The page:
The oracles continue. This final judgement is of Tyre. This is the famous ancient Phoenician city of explorers and mariners. Modern day Lebanon on the Mediterranean Sea. As a reminder, they supplied lumber for King Solomon's Temple.
The sailors from Tyre, while at sea in Cyprus, learn that their homes and harbors are destroyed.
The inhabitants of the coastland are told to be silent. Specifically, Sidon is called out. This is a sister middle eastern, Phoenician city to Tyre found in modern day Lebanon. Her revenue came from the wheat exported from the Nile "...she was the market of nations."
- Sidon is told to be ashamed.
- the sea states that it has not birthed or raised children
- Egypt will be in anguish when it hears that Tyre is in trouble.
In verse 6, the oracle specifically names Tarshish (trading partner from modern Spain).
- Wail, inhabitants of the coastland.
- Is this your jubilant city?
- this ancient city?
- who has colonized distant lands?
In other words, Isaiah is taunting them. They thought the were too big to fail. They had too much success. Dominated. Also, it's interesting to think of how old a civilization is to be called "ancient" by Isaiah...
Then, in verse 8, Isaiah cuts to the chase.
- Who has planned this against the crown giver, merchant princes, world wide honored traders?
- The Lord of hosts has planned it to defile the pride
- there is no more restraint
- He has stretched His hand out over the sea.
- He made the kingdoms tremble
- The Lord has given a command concerning Canaan to demolish its strongholds
- Sidon will exult no more
- Flee to Cyprus, but you won't find rest.
With the oracle complete, Isaiah explains.
Verse 13 is a little confusing. it starts with, "Behold the land of the Chaldeans (Babylonians)" but then speaks of Assyria. The Ryrie footnotes says that the Lord would punish Tyre through the Chaldeans (Babylonians), who would raze all but the island city.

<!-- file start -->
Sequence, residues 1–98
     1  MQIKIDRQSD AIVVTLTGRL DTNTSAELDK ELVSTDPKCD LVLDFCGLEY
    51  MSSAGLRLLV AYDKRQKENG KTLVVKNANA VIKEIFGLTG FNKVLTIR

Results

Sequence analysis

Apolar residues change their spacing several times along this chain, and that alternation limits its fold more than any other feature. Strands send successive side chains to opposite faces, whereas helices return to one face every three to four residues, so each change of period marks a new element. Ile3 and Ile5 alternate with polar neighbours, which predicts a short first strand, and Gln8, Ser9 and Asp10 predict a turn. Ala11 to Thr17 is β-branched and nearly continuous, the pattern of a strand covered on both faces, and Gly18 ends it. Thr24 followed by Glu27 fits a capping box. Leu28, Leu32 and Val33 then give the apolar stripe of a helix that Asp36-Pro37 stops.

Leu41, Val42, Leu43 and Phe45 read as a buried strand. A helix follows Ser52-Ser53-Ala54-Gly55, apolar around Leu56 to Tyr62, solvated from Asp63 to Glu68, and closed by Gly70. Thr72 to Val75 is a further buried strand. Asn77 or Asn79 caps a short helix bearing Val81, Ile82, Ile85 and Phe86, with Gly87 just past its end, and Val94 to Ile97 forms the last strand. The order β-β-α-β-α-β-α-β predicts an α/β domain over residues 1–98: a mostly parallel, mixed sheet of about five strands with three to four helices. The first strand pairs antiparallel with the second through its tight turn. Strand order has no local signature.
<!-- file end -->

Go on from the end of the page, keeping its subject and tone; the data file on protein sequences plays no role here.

Verse 14 repeats the command to "Wail, O ships of Tarshish..."
Verses 15 and 16 promises that a day is coming when Tyre will be forgotten for 70 years. Then they'll have to walk around like a singing harlot to be remembered.
Yikes. In verse 17, Isaiah promised that at the end of the 70 years the Lord would visit Tyre. Then she would go back to harlot wages and play the harlot for the whole world.
The Ryrie footnote for verses 15-17 include
- the 70 years was from Nebuchadnezzar's conquest until the fall of Babylon, Tyre was weak and poor
- Under the Persians, she gained some of her former power
- until Alexander the Great demolished the island city in 332
Conclusion to Chapters 13-23
This is the end of the oracles against the nations. Isaiah shifts focus from individual nations to the whole world.
In the Warren Wiersbe commentary on Isaiah, Be Comforted, he has some insightful conclusions after trekking through the judgements and oracles of these 11 nations.
- God is in control of the nations. He does what He wants.
- God hates the sin of pride
- God judges nations on how they treat one another (even though (except Judah) they are not under God's law; they are held responsible for evil behavior.)
- God always has a word of promise and hope for His people.